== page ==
Dealing with any criminal charge can be a daunting task. This is especially true when facing Federal criminal charges because most people feel more frightened and intimidated when the criminal charges are brought in the Federal courts as opposed to the State courts.  If you are facing Federal charges you may wonder why you are not in State court. Or, in the worst-case scenario, you may wonder why you are being prosecuted in both courts. There are many reasons for this decision, and these are discussed below.

Being Prosecuted in Both State and Federal Court

To begin with, all courts handling criminal cases are in either the Federal or the State court system, but the criminal cases they are empowered to hear, also called their “jurisdiction” differs significantly. Federal court judges have the power to preside over matters involving the U.S. Constitution and over all Federal Laws, which are those passed by the U.S. Congress. State court judges are empowered to preside over cases involving the State Constitution, and over all State laws, meaning those passed by a State or Municipal governing body. State courts can therefore preside over traffic tickets and state misdemeanor and felony cases. The court of primary jurisdiction in the Federal system is called the “district court” whereas the court of primary jurisdiction in the State system is the circuit court.  In the State system, the district court is a lower court, below the circuit court, and is the place all state criminal charges begin.  State felonies must be handled in the circuit court however.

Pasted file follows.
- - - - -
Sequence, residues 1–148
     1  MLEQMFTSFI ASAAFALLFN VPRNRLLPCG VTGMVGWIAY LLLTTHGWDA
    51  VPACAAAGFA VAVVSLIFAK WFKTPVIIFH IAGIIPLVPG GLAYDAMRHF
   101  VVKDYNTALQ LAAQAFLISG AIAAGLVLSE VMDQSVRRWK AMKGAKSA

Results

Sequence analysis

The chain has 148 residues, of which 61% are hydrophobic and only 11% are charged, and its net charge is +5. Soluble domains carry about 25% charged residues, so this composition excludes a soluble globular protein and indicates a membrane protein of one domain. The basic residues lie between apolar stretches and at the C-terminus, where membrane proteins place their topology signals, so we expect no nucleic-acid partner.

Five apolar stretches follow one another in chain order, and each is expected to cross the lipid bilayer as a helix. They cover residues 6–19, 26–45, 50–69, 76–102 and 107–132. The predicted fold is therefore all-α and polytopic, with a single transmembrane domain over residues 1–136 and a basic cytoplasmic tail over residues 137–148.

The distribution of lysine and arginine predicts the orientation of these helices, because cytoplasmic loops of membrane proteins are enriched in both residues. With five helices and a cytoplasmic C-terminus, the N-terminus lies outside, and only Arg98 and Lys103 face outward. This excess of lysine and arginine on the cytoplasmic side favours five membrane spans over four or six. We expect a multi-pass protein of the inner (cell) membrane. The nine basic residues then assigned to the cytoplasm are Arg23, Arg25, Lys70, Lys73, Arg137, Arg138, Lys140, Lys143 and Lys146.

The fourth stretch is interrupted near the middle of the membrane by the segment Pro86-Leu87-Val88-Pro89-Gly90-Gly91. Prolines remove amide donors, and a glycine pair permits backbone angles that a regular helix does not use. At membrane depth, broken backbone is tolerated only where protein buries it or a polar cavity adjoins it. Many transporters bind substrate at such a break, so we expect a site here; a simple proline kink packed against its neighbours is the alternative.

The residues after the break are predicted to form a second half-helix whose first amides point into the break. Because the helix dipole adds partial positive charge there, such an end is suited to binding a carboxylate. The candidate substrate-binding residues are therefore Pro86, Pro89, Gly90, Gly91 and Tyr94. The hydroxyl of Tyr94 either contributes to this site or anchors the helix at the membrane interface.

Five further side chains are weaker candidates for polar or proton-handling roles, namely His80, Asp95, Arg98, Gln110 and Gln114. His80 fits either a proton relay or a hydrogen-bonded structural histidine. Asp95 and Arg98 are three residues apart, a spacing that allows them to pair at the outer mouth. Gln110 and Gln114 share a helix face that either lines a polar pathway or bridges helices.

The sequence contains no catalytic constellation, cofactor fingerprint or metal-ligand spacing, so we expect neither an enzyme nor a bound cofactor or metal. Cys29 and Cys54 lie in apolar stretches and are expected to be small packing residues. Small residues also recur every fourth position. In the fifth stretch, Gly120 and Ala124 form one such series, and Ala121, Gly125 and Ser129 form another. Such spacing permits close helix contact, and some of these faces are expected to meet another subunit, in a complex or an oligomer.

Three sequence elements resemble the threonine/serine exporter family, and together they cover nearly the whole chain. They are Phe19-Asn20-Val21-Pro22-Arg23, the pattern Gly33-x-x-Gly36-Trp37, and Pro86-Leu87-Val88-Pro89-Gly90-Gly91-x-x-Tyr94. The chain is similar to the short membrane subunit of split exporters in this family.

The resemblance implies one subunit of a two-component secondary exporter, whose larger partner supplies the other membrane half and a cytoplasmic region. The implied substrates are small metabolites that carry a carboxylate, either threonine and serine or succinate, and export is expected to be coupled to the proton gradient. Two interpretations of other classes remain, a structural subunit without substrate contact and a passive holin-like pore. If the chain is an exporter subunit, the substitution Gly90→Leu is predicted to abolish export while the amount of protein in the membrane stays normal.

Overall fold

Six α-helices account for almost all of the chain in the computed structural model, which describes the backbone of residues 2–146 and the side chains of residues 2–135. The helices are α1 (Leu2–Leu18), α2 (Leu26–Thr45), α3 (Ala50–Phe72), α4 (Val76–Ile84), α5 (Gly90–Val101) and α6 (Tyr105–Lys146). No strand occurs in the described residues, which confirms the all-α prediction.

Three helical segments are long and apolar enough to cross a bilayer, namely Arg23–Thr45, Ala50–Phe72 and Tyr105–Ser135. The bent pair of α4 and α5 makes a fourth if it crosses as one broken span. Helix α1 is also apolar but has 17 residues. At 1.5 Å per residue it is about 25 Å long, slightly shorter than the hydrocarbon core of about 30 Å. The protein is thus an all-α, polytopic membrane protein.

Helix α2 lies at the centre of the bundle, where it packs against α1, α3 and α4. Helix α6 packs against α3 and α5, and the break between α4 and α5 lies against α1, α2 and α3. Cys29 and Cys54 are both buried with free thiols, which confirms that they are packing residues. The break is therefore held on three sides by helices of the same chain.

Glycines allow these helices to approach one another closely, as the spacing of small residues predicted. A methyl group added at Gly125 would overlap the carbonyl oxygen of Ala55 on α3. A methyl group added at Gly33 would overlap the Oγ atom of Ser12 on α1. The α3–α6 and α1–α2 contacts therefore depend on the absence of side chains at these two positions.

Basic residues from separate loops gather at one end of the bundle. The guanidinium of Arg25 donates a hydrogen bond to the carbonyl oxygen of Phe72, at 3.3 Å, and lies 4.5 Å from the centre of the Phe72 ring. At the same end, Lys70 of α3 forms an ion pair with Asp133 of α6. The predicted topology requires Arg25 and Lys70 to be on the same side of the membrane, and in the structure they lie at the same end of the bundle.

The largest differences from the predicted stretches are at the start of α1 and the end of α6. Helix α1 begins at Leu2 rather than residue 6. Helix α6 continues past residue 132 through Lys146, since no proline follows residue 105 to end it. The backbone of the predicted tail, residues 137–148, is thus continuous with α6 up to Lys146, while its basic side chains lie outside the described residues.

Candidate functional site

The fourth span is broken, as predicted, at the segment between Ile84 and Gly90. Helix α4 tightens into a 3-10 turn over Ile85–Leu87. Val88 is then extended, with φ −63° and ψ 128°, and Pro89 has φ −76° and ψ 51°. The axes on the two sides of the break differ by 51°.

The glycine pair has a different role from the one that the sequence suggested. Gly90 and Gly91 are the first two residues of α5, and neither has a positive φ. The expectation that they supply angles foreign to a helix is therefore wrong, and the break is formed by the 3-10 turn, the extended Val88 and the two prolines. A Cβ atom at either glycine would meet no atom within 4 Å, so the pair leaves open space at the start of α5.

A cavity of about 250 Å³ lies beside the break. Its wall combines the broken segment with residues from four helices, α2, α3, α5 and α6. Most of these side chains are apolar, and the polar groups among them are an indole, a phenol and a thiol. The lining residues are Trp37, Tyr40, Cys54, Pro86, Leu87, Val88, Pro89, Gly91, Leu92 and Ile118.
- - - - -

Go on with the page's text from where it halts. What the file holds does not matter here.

The Barone Defense Firm is pleased to announce that Patrick Barone, the Firm’s founding member, has been admitted to practice before the Federal District Court for the Western District of Michigan. Mr. Barone has been admitted to practice before the Federal District Court for the Eastern District since 1993.

Mr. Barone was admitted to the State Bar of Michigan in 1991. He was admitted to the State Bar of Illinois in 1993.  However, being admitted to the state bar in one or more states does not authorize a lawyer to practice before any Federal Court.  This is because the rules applicable to Federal Courts differ from State Courts in several ways.  First, simply being admitted to a state bar is necessary but insufficient. Admission before a specific Federal Court requires that the attorney seeking admission prepare a petition to be filed with the Federal Court.  This petition must be supported by a sponsoring attorney who vouches for the attorney seeking admission.  The sponsoring attorney must already be a member of Federal Court where the petitioning lawyer is seeking admission.

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Federal Criminal Defense Team

Pornography has never been easier to access. Anyone with a smart phone can readily obtain all kinds of pornography. While porn sites are often clearly named, such as Pornhub, other platforms containing pornographic images are less obvious and include many kinds of social media, such as such common apps like Tumblr and Instagram, various chat groups like Kik, and video sharing sites like BitTorrent.  Regardless of the means used to access pornography one thing remains constant. No matter how careful a person in when trying to cover up their digital footprint, chances are a good forensic analyst will be able to uncover that which is meant to stay private.